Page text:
Editorials by Robert Kirwan


Our Most Valuable Resources Are Worth Fighting For...Accept the Challenge

I was recently reminded of a golf tournament I played in way back in August 2000. I was on a team with my son and two of his friends. Marty Kirwan, Stacy Levac and Todd Newell had been inseparable friends for many years and needed a fourth player for their team which was entered in the Annual ‘AAA’ Midget Golf Tournament. Last year they came in 2nd place by a single stroke and wanted to take a serious run at winning it this year. We had a practice round prior to the tournament and even went to the driving range to warm up before our 11 a.m. tee time on the day of the big event. When we took our place on the tee to begin our quest for the championship, little did I realize that I was taking part in one of those significant life experiences that we all look back upon with fondness over the ever increasing years of our life. 

Hence, the other day I looked back on the moment with mixed feelings.

The golf part of the day was remarkable in itself. The three young men I had the privilege of playing with, each in their early 20's, executed unbelievable skills throughout the round. I was the one who was expected to be the stabilizing force on the team. After all, at almost three times their age, and with a reputation of being a fairly good golfer, my experience was to have helped them along. Needless to say, that try as I might, my drives were short, my chips were off the mark, and my putting was nowhere near perfect. As a matter of fact, out of the 58 best ball strokes we took, only two of them selected were shots that I had made, including the drive on the very last hole. Marty, Todd and Stacy each came through when needed and seemed to know when it was their turn to hold up the team. They were in good humour throughout the afternoon and thoroughly enjoyed what they were doing with an air of confidence that made you feel like they were destined accomplishing their goal. They even made an old man like me feel like I was an integral part of the team and I was delighted to be along for the ride.

We actually won the tournament by three strokes - a relatively large margin of victory for a scramble event. I doubt if I will ever witness, let alone be a part of, another performance as good as the one I saw that afternoon. Long drives in excess of 300 yards; pin-point accurate chipping, and; excellent putting were the order of the day. I don’t think I had a bad day of golf, but I just couldn’t come close to the standard set by my three partners.

As we mingled among the other 141 golfers in the clubhouse at the end of the competition, I felt a tremendous sense of pride at having been part of the winning team. I knew so many of the participants, having lived in Valley East for 27 years, and it was a great feeling receiving comments about playing with my son and his friends.

Nevertheless, even amid the excitement and glory of winning the tournament, there was also a sense of sadness inside my heart that was hard for me to explain. I knew that moments such as I was experiencing that day would be few and far between in the future unless we do something drastic to prevent our greatest resource - our children - from being forced to relocate to the south to find meaningful employment and careers. As I looked at Marty, Stacy and Todd that evening, I realized that they will miss so much of the quality of life that exists in Valley East unless we create a reason for them to stay.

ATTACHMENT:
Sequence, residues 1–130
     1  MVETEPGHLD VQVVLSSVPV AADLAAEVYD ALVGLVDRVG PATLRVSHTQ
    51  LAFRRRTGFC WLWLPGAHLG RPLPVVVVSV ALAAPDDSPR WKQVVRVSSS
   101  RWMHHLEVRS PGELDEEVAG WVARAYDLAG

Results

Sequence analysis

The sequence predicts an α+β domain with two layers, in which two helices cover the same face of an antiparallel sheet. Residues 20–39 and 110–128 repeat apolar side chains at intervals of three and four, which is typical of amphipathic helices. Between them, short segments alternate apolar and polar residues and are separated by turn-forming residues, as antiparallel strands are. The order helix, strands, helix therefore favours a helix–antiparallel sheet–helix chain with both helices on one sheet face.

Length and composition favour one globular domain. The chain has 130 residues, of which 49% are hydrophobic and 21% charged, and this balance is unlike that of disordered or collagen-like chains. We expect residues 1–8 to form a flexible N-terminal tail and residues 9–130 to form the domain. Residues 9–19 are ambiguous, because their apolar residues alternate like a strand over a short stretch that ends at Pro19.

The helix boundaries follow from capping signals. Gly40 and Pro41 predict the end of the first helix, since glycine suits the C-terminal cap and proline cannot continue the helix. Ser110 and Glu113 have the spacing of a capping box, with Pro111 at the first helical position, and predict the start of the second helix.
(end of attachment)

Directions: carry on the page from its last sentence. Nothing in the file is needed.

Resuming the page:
They have since graduated. Marty is now living in Toronto, where he is running the Southern Ontario office of our marketing company. He is engaged to be married to a nice young lady, Christine Woodley. They will not likely ever return to Valley East. Todd is also living in the Toronto area. It is unlikely that he will ever return. Marty, Todd and Stacy talk to each other from time to time, but will they ever have an opportunity to experience the feelings we shared in August 2000? It makes that moment even more special as I now look back on it.

To all of the readers who are from my generation, I lay down the challenge. Let us do something for our children before it is too late. Let us help create an economically viable community in which the Marty’s, Stacy’s and Todd’s of tomorrow can grow up and enjoy a quality of life that is unique to the north. The Sudbury District can offer our children just as good a future as Toronto, but we must create the proper environment in which this can happen. We must take chances and invest our time and money into new initiatives, and we must do so before it is too late. Let’s not talk about downsizing anymore. Let’s talk about expanding and creating wealth upon which dreams can be built.

I am not ready to give up on the future just yet. We have already lost too many Marty’s, Stacy’s and Todd’s. It is time for action. 

As for special moments, when I had the personal opportunity to play a round of golf on Father's Day this year - with my Father and my other two brothers, Frank and Wayne - I realized that with my Father approaching 80 years of age; and with Wayne no longer living in the Sudbury District - it was a moment I couldn't pass up. I now have another memory on which to look.

As you grow older, the memories of the past seem to motivate you into action with respect to the future. Once again, I lay down the challenge to those who care so much about the future of our great community. Look back and see how many cherished memories you have of moments spent with loved ones in Valley East. Use those memories to accept the challenge. We have to do something to create a future where our most valuable resource will be retained.

Until the next time....


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